That the cypress is associated with Artemis and Apollon requires no stretch of the imagination to figure out. Artemis is the huntress, a death-bringer in her own right, one who plays an important part in the progression from life to death as a goddess of the portal. Apollon is god of the boundary, a cemetary god in some parts of Hellas too, and a god importantly connected with the principles of immortality as the qualities of resin of both pine and cypress as preservatives are also a quality of honey which places bees at a similar symbolic level. Therefore we see trees that are connected with immortality and death at the same time…quite appropriate for evergreens.
Then of course there is the fundamental shape of the cone of coniferous trees whether it is pine or cypress. I referred to it before as a horn when looked upon from the side, but if you look at it from above you can see the spiraling pattern like some labyrinth winding upward to great heights…an accension of being. It is no wonder then that Dionysos crowns his thysros with a pine cone who is the lauded companion of the initiate as they make their journey, and a pine cone in winter is an appropriate symbol of this role of Dionysos who brought forth Semele, the fiery queen.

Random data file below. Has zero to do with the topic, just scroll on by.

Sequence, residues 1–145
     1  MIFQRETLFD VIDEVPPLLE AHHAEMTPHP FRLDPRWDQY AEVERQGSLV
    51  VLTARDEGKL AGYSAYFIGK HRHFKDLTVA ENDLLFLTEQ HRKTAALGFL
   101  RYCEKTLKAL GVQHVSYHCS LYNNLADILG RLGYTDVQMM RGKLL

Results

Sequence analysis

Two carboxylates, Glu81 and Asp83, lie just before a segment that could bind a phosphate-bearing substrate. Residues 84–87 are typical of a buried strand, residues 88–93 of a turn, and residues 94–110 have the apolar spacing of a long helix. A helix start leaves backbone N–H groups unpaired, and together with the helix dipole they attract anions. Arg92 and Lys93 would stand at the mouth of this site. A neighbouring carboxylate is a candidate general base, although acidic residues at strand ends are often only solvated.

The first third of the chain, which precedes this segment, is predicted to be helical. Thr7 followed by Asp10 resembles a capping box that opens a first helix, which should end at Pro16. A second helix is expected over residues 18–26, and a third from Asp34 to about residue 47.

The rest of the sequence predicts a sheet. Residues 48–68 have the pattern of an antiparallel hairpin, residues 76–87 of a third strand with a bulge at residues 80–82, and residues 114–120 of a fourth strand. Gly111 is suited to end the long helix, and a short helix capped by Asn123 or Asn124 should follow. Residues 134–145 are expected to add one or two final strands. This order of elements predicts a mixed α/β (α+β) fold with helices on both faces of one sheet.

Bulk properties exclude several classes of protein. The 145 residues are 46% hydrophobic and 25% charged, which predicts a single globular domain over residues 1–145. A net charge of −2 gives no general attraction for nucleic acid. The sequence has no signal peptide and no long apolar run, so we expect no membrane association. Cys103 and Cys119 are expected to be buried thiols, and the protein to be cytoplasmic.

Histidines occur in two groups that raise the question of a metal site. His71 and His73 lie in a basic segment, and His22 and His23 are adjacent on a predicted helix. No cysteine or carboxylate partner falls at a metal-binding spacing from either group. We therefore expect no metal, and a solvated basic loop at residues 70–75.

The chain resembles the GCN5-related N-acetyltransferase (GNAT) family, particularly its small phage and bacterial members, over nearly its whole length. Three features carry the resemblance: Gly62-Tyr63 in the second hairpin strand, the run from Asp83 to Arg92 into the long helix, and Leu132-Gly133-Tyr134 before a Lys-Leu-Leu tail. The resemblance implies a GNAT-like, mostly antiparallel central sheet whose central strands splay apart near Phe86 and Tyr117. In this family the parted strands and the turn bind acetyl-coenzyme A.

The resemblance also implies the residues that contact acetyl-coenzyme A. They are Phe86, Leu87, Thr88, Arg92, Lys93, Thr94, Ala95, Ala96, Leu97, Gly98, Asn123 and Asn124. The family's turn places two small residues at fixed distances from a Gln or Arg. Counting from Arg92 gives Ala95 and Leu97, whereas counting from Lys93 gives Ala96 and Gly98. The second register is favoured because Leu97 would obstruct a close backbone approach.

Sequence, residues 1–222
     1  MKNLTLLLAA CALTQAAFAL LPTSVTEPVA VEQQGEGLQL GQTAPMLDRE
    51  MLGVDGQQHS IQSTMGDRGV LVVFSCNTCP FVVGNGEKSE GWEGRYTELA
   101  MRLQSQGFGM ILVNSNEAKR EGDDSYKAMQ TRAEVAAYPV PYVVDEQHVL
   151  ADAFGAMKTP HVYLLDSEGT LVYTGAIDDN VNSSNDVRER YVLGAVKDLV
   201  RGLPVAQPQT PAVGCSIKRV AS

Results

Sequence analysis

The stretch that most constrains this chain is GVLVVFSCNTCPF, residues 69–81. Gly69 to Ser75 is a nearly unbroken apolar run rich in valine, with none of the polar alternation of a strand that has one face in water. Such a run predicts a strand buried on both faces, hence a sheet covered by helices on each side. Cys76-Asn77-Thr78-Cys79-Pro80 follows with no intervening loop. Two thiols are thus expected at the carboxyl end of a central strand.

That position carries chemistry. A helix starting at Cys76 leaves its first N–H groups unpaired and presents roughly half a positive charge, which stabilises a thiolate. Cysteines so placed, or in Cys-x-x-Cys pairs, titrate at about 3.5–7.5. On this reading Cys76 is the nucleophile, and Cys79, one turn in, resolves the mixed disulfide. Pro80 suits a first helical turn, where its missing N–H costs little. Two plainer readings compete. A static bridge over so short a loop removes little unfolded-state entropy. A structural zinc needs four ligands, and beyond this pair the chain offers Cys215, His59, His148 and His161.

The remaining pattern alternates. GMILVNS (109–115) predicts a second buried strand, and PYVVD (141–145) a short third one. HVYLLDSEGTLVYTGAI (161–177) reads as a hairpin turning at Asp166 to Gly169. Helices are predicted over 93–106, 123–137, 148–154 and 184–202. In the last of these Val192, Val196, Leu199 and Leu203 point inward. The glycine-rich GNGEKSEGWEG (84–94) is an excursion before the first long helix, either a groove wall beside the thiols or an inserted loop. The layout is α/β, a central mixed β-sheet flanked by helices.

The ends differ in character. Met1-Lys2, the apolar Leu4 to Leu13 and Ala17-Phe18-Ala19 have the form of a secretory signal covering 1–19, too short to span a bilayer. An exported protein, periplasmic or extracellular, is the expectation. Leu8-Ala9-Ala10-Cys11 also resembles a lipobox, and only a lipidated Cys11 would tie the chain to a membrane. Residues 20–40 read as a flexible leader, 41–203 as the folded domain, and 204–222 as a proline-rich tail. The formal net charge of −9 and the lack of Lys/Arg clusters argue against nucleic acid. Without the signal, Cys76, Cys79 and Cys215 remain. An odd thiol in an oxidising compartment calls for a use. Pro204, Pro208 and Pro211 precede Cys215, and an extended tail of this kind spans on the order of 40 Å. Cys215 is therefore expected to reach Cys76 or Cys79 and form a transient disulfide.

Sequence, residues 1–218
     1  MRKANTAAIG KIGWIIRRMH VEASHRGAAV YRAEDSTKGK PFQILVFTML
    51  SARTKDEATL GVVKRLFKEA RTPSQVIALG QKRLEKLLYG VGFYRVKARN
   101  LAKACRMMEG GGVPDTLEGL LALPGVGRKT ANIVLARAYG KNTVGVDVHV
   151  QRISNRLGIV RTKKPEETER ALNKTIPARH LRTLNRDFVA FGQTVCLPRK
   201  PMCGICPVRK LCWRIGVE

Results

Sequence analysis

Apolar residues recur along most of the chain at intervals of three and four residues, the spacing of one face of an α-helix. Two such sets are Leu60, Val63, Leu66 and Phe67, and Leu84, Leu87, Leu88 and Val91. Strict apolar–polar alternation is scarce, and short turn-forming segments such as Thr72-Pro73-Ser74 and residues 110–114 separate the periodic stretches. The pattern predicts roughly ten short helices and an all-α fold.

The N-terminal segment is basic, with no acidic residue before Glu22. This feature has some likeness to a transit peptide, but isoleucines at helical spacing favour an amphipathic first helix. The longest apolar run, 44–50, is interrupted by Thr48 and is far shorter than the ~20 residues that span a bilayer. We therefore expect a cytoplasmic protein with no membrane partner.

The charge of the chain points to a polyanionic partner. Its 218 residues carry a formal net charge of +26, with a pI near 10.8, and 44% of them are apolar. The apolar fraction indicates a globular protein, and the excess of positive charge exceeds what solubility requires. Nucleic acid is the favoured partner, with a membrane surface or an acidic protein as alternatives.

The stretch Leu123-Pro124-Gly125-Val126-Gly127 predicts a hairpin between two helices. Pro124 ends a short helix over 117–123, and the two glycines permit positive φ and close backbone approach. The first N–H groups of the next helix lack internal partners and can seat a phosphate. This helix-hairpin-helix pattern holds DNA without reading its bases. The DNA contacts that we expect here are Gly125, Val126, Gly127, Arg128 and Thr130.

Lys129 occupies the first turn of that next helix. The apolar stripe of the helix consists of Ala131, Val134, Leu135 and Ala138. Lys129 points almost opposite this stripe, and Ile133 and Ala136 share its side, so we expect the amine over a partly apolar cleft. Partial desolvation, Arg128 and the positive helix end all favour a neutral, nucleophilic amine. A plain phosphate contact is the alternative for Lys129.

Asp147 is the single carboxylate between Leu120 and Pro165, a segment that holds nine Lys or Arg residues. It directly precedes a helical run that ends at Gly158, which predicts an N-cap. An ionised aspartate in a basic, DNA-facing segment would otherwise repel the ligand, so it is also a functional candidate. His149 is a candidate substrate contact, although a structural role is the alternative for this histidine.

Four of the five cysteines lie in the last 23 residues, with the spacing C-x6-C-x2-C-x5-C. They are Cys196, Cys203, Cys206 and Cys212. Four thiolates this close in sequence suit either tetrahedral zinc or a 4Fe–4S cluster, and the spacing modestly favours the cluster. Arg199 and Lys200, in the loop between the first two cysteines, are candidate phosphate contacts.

However, strictly speaking the pine is, in Hellas, associated more directly associated with Pan in a similar nature as the laurel is to Apollon, as the nymph Pitys whom he loved become the tree, the branches of which he crowned himself with. That the pine tree is sacred to Pan specifically it is not illogical to my reasoning to continue to celebrate a connection of the pine with Apollon, Artemis and Dionysos…all three of which have intimate connections with Pan. Pan gifted to Artemis her hounds, taught Apollon divination, and reveled with Dionysos. All three of which have Pan directly involved in their own divine activities. It is not surprising then that Pan has a cave in Parnassos, where Dionysos revels with the muses and whose birth is honored too in that cave, just above where Artemis and Apollon dwell at Delphi in the blessed providence of the earth and sea (as Delphi was once owned half by Gaia, ad the other half by Poseidon..the latter of whom retained an altar within the holy precinct.). Nor is it a shock that at the temple of Apollon Karneios at Corinth that, according to Pausanias, an image of a seate Pan and erect Artemis presided at the entrance to the cella. And within Apollon Karneios was depicted with a pinecone in one hand, and a staff in the other.
So my reader now should not be puzzled at all as to why one of my most treasured item is a pine nut from a tree at Delphi, which has become an important part of my private shrine to Apollon and his twin. You will not see it easily, but it is in a small box painted with the image of Apollon, and this box placed upon a small column beside which Apollon and Artemis stand at either side. And pine cones abound everywhere!
These pincones in winter, how beautiful they seem to me, telling the tidings of autumn and the promise of spring, the story of death and that which within is undying and immortal. Hail Apollon, Hail Artemis, Hail Dionysos and Hail Pan!